The View From Taft

While attending a recent three week-long educational leadership seminar workshop at one of the most prestigious universities in the world, I was struck by the sign that states, “Learn to Change the World.” This message hangs brightly in front of the Gutman Library of the Graduate School of Education of Harvard University, and this is the theme that resonated during my stay in Cambridge, Massachusetts. As I looked at that sign every day, I knew that through learning, I would be able to change the world despite an environment that is characterized as volatile, uncertain, complex, and ambiguous. While at Harvard, I was mentored by some of the world’s best, and was also able to learn with some of the brightest educational leaders in Asia. This was part of my fellowship with the United Board for Christian Higher Education in Asia (UBCHEA).
UBCHEA is a non-governmental organization that is committed to education and that develops the whole person holistically; that is, intellectually, spiritually, and ethically. Its network of institutions spans Northeast Asia, South Asia, and Southeast Asia, where my institution, De La Salle University Manila, is an active member. It draws its “strength from Christian identity and values and its collaboration with Asian colleges and universities,” and “prepares individuals for lives of professional and personal fulfillment and meaningful service in community with others” by “developing institutions that offer multidisciplinary education and that nurture a spirit of compassion, equity, reconciliation, social responsibility, and mutual respect among religious and cultural traditions.” The organization has several programs on faculty development, community partnerships, culture and religion, and leadership development for higher education. It is in the latter program that I embarked on my “learning to change the world” journey through the United Board Fellows Program.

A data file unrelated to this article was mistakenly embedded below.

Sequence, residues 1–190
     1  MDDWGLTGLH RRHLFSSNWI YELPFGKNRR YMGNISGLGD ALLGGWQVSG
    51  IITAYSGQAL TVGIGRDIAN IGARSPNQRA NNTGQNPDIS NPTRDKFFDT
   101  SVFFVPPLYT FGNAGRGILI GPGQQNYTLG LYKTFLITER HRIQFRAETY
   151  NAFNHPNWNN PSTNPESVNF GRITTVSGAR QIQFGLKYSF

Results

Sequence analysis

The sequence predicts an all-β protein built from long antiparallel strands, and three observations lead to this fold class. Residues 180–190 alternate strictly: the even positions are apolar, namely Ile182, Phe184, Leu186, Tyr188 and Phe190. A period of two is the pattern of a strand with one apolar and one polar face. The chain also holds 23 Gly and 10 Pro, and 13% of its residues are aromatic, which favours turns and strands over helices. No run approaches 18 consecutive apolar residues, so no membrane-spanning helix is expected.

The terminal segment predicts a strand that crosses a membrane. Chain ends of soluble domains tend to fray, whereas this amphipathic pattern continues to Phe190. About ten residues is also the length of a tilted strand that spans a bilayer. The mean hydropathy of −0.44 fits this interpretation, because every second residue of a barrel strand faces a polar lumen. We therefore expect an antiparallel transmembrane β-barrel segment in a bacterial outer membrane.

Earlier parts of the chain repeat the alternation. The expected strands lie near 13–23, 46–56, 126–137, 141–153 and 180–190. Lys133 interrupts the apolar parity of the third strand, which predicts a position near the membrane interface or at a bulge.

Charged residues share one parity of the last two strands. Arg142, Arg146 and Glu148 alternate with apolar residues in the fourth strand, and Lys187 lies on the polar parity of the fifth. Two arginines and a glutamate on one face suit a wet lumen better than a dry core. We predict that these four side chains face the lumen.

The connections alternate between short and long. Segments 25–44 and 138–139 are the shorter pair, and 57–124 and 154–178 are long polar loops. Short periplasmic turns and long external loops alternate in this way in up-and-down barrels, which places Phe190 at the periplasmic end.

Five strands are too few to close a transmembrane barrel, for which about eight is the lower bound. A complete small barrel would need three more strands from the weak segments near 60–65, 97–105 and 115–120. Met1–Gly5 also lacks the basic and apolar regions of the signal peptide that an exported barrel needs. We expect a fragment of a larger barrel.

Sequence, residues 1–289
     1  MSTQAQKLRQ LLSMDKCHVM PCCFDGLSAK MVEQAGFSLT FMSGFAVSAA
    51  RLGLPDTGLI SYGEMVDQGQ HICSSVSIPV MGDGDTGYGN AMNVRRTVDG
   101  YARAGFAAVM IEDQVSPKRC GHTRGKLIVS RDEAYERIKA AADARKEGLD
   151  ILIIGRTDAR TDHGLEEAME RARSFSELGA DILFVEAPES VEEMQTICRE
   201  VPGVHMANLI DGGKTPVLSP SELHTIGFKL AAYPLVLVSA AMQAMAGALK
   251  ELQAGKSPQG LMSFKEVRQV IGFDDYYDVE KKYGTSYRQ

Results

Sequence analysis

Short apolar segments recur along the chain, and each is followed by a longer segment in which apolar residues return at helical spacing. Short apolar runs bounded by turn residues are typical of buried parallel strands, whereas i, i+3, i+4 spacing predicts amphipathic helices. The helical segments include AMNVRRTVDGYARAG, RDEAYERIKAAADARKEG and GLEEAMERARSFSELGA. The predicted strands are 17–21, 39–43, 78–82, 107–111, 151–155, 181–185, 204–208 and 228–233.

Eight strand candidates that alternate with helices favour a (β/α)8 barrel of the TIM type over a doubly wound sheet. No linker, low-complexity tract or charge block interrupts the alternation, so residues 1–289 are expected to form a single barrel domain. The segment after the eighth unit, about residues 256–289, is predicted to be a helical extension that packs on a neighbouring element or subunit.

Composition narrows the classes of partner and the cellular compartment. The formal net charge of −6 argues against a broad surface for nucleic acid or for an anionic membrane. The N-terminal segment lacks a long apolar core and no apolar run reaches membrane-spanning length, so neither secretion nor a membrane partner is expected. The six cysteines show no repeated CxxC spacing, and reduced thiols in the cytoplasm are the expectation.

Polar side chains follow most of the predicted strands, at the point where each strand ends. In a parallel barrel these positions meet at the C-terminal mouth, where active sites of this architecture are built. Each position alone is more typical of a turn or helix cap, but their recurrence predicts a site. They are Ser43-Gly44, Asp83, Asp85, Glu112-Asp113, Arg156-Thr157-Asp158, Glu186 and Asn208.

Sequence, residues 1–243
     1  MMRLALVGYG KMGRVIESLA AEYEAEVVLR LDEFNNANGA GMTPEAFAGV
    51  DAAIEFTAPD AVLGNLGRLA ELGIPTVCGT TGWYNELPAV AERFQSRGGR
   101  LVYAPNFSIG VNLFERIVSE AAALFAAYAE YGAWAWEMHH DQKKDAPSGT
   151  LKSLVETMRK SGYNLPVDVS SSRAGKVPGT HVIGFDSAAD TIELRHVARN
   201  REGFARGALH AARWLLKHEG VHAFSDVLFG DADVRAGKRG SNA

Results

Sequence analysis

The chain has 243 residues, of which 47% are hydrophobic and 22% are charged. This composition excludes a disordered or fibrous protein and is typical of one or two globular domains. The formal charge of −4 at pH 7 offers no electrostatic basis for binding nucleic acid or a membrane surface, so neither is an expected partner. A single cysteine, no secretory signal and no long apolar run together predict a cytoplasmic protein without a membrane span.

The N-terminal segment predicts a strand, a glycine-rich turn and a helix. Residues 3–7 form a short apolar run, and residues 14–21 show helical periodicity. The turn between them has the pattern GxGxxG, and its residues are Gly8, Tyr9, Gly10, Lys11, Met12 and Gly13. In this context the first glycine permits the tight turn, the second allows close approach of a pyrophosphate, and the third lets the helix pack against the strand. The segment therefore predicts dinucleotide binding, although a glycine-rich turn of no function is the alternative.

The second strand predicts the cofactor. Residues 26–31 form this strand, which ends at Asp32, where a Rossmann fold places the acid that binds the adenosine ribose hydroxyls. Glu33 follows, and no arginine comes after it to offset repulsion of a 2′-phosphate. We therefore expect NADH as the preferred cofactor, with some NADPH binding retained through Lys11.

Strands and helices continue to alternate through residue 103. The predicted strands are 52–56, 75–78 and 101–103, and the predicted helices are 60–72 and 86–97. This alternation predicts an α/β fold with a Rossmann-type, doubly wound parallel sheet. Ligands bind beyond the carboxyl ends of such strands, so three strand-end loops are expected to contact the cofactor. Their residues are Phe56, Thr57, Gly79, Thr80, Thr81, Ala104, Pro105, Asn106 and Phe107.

The United Board Fellows Program is “designed to answer the needs of leadership development for mid-career faculty and administrators from Asian colleges and universities,” and it “develops dynamic leaders who will advance whole person education within their home institutions.” It runs for one year, starting in the United States, in this case, Harvard University, and is followed by a semester in an Asian college or university. After their placements, fellows would return to their home institutions and apply what they have learned from their hosts. I have just concluded the Summer Institute in the US, where my skills as educational leader were harnessed and honed by experts in higher education.
During the Summer Institute, we had several interesting and insightful sessions, from learning about ourselves to managing our university’s human capital and resources. We started by learning about Bolman and Deal’s “Four Frames,” which can help administrators conceptualize different approaches to an issue. These frames (structural, political, human resource, and symbolic) can be used both in the planning stage and in the revision of existing initiatives that might not have been successful. We also had a session called “Who are You,” which focused on the assumptions that we have that might not always be true. We then moved to more macro issues such as strategic planning and resource mobilization and generation. We were able to distinguish bad strategies from good strategies, and I learned that some strategies do not work simply because they fail to face the problem. Some strategies are like fluffy puff pastry, which is appealing but empty. Equally bad are fuzzy strategies that are overly complex and long.
The Summer Institute blends the best and the brightest, and this makes me more confident to make my institution bigger, bolder, and better and to move it from good to great. The program is a once-in-a-lifetime opportunity for educational leaders to learn from a place where the world’s greatest come from, and most importantly, to be with a group of like-minded fellows who share a passion and zeal for efficiency, effectiveness, and excellence in our institutions.
Brian C. Gozun is dean of the Ramon V. Del Rosario College of Business and is 2018-2019 United Board Fellow. He encourages educational leaders to apply for this fellowship at to change the world through whole person education.